Berry: The City’s CSO system is a source of significant pollution during major rain events, particularly in the downtown and Gillies Creek areas. There have been massive projects to convey CSO flows away from recreational areas of the river and to catch the first flush at the Shockoe Retention basin. These projects have been funded by State, Federal and local funds and the effort dates back over 40 years. The efforts are very expensive and depend on all levels of government. It is important for the City to be able to keep making incremental progress and to execute grant funded projects expeditiously. It is a long term effort but persistent, steady progress each year will produce results over time.
Junes: This is a prime example of whereby a long term problem requires a long term solution. The city is enrolled in state plan that target a larger Chesapeake Bay preservation project. Part of the effort is to clean up or improve the water quality standard. City’s CSO combines both storm / sewer water systems as one together. Citizens can now be made more aware that those using the system have a net impact on the quality of overall pollution. Especially when dealing with the nitrogen and phosphorus ingredients.
Morrissey: I will continue to support the City’s CSO system.
Mosby: I think that our city’s DPU does a stellar job and is the best like it in the state. The department has over 1 billion dollars in assets and is well run. We have made improvements/upgrades in the past to avoid overflow and flooding and will continue to do so under my administration. For me, a successful system requires strategic, forward-thinking planning and implementation. We have both the staff and expertise to do just that, but we also need to make sure the resources (funding and staffing) are in place for our future.
Stoney: It is 2016, not 1816 we should not be worried about clean water for our citizens. This needs to be a public health and an environmental priority. This will require collaboration with the state government and innovative thinking. Something I bring to the table is great working relationships with the General Assembly on both sides of the aisle. Beyond that, we need to educate the public about the river without causing panic. It will be a priority of my administration to partner with groups like the James River Association, collaborate with the state government, and implement innovative and creative approaches to solving our problems.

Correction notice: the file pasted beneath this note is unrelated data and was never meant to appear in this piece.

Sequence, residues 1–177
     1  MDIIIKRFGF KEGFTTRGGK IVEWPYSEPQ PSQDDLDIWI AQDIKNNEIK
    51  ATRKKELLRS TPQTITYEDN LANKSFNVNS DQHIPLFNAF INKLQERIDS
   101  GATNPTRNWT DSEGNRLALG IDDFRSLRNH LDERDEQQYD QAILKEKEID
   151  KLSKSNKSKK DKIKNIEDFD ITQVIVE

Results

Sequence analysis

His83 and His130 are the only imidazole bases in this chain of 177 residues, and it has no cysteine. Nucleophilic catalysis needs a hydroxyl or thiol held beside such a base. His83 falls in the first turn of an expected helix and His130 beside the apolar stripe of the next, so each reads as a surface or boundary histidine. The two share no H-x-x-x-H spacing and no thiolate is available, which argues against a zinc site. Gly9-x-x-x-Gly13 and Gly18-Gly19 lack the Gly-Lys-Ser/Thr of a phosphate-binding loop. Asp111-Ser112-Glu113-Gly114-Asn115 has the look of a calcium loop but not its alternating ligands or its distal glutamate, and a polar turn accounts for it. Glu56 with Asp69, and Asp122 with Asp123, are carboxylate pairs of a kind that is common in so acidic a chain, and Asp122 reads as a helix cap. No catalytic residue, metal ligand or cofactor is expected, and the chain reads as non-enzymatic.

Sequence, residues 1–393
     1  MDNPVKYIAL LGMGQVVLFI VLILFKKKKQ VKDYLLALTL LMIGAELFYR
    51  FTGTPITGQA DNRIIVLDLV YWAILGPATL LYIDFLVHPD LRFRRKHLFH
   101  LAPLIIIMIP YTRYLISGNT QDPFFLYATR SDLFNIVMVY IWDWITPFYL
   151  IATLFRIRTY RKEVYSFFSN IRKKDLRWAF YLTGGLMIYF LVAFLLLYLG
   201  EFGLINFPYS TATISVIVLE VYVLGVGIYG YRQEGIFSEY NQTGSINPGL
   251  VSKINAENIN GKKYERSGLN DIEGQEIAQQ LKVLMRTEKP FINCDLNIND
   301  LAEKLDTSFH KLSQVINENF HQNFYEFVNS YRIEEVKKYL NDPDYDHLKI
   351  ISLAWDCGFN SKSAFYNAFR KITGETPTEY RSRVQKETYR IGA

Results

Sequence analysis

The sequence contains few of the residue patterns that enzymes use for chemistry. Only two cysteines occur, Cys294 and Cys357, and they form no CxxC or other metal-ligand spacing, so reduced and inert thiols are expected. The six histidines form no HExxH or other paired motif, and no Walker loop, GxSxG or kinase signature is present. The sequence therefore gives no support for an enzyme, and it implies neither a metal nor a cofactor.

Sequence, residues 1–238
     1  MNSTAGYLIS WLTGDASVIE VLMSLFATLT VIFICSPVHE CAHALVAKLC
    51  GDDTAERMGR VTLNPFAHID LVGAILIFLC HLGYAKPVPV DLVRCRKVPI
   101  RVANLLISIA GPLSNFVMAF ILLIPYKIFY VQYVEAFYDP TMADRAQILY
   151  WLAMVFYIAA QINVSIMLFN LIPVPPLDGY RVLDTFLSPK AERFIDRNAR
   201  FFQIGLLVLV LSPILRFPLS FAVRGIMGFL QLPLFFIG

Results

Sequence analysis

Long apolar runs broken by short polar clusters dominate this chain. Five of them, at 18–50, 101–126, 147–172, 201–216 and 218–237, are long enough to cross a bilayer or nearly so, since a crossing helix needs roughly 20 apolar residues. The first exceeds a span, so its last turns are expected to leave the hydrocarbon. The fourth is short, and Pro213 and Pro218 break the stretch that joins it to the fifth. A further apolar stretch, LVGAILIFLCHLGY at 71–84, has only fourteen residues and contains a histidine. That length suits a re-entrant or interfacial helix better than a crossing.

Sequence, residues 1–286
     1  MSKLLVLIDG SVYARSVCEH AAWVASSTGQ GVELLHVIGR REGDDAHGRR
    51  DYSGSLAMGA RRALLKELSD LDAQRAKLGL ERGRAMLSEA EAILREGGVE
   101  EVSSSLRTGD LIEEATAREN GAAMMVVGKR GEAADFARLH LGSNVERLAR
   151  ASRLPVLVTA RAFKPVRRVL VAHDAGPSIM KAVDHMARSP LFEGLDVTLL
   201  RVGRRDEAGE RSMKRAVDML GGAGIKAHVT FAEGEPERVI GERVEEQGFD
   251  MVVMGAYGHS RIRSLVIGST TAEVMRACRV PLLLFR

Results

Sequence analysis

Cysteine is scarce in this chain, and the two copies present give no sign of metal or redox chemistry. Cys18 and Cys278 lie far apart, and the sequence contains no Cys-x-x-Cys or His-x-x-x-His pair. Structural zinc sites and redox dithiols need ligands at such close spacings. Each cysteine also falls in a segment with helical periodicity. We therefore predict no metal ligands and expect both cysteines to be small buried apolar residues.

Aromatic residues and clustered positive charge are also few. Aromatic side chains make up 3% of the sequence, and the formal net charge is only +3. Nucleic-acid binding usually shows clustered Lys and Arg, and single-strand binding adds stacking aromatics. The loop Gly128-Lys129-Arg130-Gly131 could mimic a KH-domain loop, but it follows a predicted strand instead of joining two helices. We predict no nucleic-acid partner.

Tyler: I will pursue every alternative to improve water quality on the James River. Like all older cities, Richmond’s CSO system is a scourge on water quality. I will continue to seek funding from the state and federal government to reduce the amount of discharge in our CSO area during rain events.
Williams: I had the pleasure of working with Howell Todd a planning Director in the 1980’s in the early days of planning the River Front Canal system. I walked in his home and on his dining room table was a model of the river front canal. It took a salesman to get it done. Can you imagine selling this concept to Council today? The CSO system was combined with this project and the flood wall to justify and pay for the CSO system downtown.
As Mayor and trained architect, I will also try to leverage other assets and projects as we obtain Federal and state grants. To illustrate my long term past commitments to such issues, I have long promoted retention lakes in Shockoe Valley North as a part of the Shockoe Valley/ Flood Plane/ water shed. Please visit: http://www.lawrencewilliamsarchitect.com/#!SHOCKOE VALLEY MASTER PLAN.jpg/zoom/c1zy6/image217j
QUESTION 4: Neighborhood Water Quality Projects
Tributaries of the James River (Reedy Creek, Upham Brook, Gillies Creek) are experiencing water quality improvement thanks to the efforts of City staff in recent years, but these projects do not come without controversy.
How will you ensure neighborhood-scale water quality improvements continue and address community concerns?
Baliles: Like with any project, the city should engage neighborhoods affected by projects but also look for alternatives and options. Choosing projects because matching funds are available or score higher on some graph does not mean it might be the best for a certain community. A balance must be found that finds a solution that works for all involved.